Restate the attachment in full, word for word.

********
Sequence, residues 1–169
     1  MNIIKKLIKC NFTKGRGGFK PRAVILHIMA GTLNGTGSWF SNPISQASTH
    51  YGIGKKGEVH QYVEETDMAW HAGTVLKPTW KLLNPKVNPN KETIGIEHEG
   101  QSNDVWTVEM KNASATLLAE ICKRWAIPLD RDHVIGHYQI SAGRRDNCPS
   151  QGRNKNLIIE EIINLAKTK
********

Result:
Sequence, residues 1–169
     1  MNIIKKLIKC NFTKGRGGFK PRAVILHIMA GTLNGTGSWF SNPISQASTH
    51  YGIGKKGEVH QYVEETDMAW HAGTVLKPTW KLLNPKVNPN KETIGIEHEG
   101  QSNDVWTVEM KNASATLLAE ICKRWAIPLD RDHVIGHYQI SAGRRDNCPS
   151  QGRNKNLIIE EIINLAKTK